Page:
Over at Baseball Prospectus Hall of Fame guru Jay Jaffe has posted an interesting article that you can read here if you are Baseball Prospectus insider. In general, the article breaks down the average offensive production, by each position for the 2011 season using a statistic called True Average. In short, this statistic basically rolls up a player's offensive value into one figure that is then presented on the average scale.
The most interesting finding from this study was the significant drop off in production from third basemen last season. Third base, which has typically been one of the most difficult positions to find premium talent for (there are less third basemen in the Hall of Fame than any other position) dropped below league average True Average for the first time since 2003. In fact, in 2011, third base production reached its lowest point since 1950. In fact, the only positions that it ranked higher in production in were catchers and short stops.
Another position that experienced a significant drop in production in 2011, was left field. Left fielders actually fell in production even more last season than third basemen. For the first time since 1966, left fielders ranked below center fielders in offensive output as judged by True Average.
One of the most popular mantras throughout baseball is power on the corners with defense up the middle. However, in today's game of shrinking offensive production, two of the corners appear to be harder to fill with mashers than they were just a few seasons ago.
If teams are able to find middle of the order production from their middle of the diamond players, they usually are able to field strong offenses. This is because of the scarcity of really good hitters at middle of the diamond positions. If third base and left field turn into positions of scare offensive quality it would mean that the teams able to find quality mashers at these positions would be at a huge advantage. This is the same concept that makes top prospects at premium positions so coveted. Players that can rake at low offense positions are worth more than if their bat is being played at a position on the opposite end of the defensive spectrum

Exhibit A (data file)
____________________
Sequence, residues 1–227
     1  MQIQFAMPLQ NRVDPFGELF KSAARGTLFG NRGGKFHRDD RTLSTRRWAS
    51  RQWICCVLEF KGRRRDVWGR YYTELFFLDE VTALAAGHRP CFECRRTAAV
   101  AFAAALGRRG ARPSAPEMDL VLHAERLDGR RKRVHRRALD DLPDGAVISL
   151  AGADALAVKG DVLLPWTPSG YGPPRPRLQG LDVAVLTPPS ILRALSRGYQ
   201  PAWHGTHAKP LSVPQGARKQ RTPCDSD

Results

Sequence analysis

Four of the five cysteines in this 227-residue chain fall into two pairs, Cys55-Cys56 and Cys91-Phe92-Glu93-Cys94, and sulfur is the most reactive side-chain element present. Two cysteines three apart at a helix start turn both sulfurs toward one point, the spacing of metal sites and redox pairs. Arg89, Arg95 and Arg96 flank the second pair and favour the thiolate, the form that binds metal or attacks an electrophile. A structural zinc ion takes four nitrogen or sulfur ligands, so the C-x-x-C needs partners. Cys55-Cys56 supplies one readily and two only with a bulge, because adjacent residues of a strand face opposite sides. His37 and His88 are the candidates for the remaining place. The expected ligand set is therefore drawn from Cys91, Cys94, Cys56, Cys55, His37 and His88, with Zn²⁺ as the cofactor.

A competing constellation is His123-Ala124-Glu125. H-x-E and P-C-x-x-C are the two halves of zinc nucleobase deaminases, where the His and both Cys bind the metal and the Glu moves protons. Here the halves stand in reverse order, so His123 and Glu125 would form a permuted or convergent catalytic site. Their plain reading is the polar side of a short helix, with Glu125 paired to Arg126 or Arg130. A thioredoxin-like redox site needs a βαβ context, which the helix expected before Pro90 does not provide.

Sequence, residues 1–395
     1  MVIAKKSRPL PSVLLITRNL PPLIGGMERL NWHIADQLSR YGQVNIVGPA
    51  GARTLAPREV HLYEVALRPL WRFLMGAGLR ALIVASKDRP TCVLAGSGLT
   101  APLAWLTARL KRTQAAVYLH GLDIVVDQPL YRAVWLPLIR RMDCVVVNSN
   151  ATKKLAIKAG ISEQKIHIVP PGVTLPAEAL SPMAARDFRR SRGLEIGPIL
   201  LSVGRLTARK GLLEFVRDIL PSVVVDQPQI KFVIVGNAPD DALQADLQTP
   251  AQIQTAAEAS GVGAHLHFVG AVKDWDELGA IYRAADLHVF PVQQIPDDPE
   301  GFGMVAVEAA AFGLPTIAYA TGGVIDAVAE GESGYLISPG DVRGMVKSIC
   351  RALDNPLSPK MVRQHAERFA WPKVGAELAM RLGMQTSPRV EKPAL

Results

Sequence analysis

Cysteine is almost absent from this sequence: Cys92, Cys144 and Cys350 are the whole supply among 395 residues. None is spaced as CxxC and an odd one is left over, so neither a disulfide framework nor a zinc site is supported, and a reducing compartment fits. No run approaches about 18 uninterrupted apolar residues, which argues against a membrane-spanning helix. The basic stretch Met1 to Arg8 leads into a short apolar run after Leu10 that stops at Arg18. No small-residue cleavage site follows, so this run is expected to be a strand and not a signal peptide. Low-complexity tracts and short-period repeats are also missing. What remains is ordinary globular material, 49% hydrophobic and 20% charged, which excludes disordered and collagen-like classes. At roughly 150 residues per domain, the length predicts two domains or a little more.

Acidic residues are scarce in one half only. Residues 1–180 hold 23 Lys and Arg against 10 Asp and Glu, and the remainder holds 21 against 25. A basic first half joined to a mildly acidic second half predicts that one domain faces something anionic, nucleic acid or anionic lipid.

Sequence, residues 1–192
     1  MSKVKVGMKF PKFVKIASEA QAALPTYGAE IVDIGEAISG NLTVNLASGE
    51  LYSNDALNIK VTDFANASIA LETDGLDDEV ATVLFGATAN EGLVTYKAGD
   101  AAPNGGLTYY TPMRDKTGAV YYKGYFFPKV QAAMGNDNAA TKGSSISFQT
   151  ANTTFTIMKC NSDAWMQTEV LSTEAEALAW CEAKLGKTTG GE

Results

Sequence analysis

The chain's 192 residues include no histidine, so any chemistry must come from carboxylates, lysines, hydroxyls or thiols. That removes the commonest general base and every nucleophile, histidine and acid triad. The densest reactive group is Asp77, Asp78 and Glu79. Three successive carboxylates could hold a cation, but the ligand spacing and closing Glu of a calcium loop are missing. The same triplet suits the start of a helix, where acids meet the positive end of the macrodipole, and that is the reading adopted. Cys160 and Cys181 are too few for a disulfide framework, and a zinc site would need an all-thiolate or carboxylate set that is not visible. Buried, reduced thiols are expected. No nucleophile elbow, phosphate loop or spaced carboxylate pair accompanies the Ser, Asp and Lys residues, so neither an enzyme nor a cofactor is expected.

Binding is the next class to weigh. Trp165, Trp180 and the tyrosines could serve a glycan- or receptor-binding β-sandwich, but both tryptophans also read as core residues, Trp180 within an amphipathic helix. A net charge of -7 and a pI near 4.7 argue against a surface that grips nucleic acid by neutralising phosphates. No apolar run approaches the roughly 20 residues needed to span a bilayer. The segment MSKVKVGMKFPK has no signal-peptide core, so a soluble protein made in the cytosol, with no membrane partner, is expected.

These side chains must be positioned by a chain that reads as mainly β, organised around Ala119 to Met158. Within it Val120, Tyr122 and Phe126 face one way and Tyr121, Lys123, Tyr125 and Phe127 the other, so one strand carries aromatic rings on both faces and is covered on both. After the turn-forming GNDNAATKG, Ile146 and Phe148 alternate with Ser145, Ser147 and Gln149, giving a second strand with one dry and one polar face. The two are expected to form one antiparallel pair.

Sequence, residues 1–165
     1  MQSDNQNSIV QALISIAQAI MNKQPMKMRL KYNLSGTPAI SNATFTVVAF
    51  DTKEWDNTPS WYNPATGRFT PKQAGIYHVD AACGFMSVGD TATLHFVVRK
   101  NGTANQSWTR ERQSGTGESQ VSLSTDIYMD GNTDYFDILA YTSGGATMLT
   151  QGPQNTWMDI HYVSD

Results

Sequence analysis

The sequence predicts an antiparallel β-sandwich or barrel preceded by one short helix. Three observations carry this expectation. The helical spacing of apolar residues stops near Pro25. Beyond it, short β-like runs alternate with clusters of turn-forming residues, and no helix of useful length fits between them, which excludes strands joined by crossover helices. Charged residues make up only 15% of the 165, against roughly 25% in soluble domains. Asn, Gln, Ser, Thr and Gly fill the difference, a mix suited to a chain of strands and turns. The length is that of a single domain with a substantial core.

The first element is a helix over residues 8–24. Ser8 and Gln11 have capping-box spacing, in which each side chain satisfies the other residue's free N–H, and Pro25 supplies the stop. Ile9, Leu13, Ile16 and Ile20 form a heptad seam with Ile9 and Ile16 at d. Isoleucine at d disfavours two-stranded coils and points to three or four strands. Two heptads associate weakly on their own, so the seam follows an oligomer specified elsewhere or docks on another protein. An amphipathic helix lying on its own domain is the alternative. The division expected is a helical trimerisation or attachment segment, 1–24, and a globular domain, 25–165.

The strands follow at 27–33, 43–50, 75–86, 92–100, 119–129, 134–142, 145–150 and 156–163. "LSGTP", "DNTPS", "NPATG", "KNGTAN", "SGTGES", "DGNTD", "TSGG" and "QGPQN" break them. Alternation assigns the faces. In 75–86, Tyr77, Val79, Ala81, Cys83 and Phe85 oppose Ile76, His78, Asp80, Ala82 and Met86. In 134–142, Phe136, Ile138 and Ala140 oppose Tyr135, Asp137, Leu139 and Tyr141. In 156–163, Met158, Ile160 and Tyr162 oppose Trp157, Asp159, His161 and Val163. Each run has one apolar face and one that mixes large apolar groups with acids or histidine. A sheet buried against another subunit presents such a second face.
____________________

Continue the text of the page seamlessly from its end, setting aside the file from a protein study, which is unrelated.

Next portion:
What this means for the Kansas City Royals, is that if production continues to decline from the third base and left field positions, and the Royals can lock up Gordon to an extension, the Royals will be well positioned for the future. Alex Gordon's bat and glove combination would play up even more, should the left fielders around baseball continue the current trend. If Mike Moustakas turns into what the Royals believe he will be, he'll not only be a middle of the order hitter, but he'll also come from a position that around baseball has less production than second base.
Jaffe suggests at the end of the article that there is a good chance the decline in third base production could've been a perfect storm in 2011. Some of the stars of the position were aging and others were hurt. Some league average third basemen regressed, while bad third basemen were worthless. The third base position could be turning itself over to a new generation, led by Mike Moustakas and Lonnie Chisenhall. It will be interesting to see if baseball can find other quality players at the position, or if Moustakas and Chisenhall will be aberrations and as a result, be all the more valuable to their organizations.
In this post today Kevin Goldstein stated "there is little doubt the club (Kansas City) is going to turn into an offensive juggernaut." Production from sub optimum offensive positions would go a long way in turning this prediction into reality.